Hence for Heights below 80° using averaged values during a time span of 8 minutes will result in an extra error equal to 1 arc minute at the most. Whenever you stay away from such extreme case, the errors resulting from using averaged values stay negligible most of the time.
In your example, you "worst case" happens for "⑧ Venus", in which the maximum error resulting from using averaged values is 0.3' . For "⑥ Venus", the maximum error brought by using averaged values is 0.2' . And for "⑤ Sun", the maximum error is 0.02' .
For additional reasons and whenever possible I generally prefer using sets of 5 observations recorded over a 5 to 6 minute time span.
Some Extra points:
1 - Your example is extremely interesting since it shows that one should work from data as close as possible from "raw" data. Dave Walden initially started from your "Ho's" values, but unfortunately some of them have some typos.
2 - Since we have time here, I took good care to reprocess all your results and have come to the conclusion that your set of observations is absolutely remarkable. Processing it through "approximations" such as from a more distant DR position would not have brought this to our attention and to your satisfaction.
4 - In immediate relation to point 3 here-above it would be quite interesting to compare my Final Fix (N60°10.6' - E 029°48.8') with the one to be obtained by another software using this time the very same the same DR position as mine (N60°10.5' - E029°46.9') . Very likely such final result[s] should be extremely close. Peter, or Andrés, are you here ?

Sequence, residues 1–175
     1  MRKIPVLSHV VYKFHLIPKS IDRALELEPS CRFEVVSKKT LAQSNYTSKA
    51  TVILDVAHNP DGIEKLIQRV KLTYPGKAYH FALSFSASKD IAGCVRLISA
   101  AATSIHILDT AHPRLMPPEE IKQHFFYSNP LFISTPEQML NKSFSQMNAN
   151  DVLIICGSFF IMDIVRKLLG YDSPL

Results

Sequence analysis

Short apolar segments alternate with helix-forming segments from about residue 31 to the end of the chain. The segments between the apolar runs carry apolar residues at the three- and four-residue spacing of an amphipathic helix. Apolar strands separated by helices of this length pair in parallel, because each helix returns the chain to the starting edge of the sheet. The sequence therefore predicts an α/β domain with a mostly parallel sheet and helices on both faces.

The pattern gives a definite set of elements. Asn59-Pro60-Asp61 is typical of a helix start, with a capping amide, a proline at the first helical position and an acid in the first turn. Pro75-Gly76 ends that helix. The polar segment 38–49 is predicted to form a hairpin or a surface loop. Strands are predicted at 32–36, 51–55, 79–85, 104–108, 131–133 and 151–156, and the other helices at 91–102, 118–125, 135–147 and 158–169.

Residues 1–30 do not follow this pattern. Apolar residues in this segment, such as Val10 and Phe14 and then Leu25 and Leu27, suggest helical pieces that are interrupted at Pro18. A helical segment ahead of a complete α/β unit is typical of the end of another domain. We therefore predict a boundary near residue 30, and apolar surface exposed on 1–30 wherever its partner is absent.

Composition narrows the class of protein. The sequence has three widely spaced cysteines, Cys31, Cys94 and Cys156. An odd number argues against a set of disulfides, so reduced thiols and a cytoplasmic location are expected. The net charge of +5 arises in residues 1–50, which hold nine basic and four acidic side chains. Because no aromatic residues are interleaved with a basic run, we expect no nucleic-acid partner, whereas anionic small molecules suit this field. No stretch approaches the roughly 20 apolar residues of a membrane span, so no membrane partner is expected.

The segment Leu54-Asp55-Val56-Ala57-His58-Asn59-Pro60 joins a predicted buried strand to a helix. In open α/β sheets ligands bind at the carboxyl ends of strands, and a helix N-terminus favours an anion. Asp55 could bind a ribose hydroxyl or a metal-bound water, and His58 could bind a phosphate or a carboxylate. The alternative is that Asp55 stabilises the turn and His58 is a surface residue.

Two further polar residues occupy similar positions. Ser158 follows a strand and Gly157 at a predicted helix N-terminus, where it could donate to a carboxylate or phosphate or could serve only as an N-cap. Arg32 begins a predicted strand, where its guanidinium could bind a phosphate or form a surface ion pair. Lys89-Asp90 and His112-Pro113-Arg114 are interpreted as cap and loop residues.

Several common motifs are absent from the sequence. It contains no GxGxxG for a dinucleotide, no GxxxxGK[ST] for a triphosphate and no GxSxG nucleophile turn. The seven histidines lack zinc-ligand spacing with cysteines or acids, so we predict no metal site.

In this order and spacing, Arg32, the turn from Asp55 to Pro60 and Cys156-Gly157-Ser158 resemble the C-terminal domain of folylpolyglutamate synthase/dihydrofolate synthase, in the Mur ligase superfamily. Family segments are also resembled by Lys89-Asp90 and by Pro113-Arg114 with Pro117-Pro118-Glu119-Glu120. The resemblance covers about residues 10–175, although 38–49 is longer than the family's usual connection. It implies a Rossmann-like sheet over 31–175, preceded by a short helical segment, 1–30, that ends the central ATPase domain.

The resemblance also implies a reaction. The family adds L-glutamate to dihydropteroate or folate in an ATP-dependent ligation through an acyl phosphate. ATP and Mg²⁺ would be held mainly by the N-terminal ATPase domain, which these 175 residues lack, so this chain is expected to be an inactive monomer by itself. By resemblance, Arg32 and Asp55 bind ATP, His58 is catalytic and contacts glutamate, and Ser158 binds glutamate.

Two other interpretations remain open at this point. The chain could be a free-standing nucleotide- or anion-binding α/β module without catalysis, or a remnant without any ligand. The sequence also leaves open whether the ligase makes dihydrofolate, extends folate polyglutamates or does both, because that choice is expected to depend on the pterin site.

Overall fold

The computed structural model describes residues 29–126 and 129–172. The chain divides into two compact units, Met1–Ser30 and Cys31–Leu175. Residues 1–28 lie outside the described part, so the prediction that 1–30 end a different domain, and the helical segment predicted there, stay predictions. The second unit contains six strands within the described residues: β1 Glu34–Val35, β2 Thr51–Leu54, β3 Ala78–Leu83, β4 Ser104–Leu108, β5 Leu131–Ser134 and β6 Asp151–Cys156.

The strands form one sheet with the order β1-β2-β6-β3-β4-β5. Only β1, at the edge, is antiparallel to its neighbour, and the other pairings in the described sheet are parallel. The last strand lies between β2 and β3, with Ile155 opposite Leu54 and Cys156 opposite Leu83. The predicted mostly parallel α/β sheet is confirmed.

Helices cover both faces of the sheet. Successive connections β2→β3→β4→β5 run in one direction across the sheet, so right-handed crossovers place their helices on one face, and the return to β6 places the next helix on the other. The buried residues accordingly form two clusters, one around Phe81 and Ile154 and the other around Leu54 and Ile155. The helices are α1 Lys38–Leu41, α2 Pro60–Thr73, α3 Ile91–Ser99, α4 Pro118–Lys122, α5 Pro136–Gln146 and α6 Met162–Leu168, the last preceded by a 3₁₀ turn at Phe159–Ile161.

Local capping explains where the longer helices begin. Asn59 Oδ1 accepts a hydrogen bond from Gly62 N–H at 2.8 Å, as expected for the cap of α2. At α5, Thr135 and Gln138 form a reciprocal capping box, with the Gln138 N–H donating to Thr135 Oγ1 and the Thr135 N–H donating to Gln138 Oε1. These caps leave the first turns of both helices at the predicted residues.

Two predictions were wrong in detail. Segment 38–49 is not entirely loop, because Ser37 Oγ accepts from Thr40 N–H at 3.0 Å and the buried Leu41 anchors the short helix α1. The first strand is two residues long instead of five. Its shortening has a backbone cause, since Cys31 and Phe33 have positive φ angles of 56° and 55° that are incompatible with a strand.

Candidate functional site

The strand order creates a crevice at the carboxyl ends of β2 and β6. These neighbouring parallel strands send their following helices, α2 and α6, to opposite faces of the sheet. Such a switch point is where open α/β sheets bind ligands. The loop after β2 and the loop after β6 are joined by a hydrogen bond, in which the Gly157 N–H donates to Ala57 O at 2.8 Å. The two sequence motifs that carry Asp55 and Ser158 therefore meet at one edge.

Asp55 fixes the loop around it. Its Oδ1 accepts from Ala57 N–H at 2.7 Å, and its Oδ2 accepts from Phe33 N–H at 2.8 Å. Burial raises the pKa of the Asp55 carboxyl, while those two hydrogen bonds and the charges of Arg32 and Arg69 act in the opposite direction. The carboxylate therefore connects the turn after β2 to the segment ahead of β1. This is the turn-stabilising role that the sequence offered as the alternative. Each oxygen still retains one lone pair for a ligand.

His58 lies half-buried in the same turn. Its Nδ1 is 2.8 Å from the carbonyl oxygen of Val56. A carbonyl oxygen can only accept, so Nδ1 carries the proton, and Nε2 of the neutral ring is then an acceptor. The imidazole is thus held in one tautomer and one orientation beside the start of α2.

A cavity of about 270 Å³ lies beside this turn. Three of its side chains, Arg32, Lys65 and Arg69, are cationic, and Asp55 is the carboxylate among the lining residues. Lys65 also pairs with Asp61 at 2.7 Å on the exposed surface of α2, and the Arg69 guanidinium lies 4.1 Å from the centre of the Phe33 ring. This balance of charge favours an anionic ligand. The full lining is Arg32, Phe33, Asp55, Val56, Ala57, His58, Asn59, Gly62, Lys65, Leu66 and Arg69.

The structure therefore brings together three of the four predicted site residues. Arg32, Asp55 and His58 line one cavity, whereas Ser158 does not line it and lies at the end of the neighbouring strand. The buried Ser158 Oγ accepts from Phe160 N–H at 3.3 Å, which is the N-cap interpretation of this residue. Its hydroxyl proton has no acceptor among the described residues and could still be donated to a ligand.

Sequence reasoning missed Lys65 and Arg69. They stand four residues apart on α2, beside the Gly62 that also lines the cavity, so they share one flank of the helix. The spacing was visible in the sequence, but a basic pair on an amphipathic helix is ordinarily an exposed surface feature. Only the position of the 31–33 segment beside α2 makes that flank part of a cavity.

5 - Giving each averaged observation a weight equal to its number of observations should yield exactly the same position (to within less than 100 feet) as if had computed every LOP on its own. I have always observed this in the past. I am simply short of time to once again process all your observations individually this time. Hence the superiority of averaging and weighting methods in such cases.
6 - To conclude I do thank you Tony for having readily and accurately specified the meanings of "Ha" and "Ho". Again, we constitute an international group, and accurately tagging one's data can save a lot of guessing if not frustration to colleagues. Farewell to all and feel free anybody to privately email me (see REV1 or REV2) for any extra clarification on the methods I described here-above.
Best Friendly and Easterly Regards,
Antoine M. "Kermit" Couëtte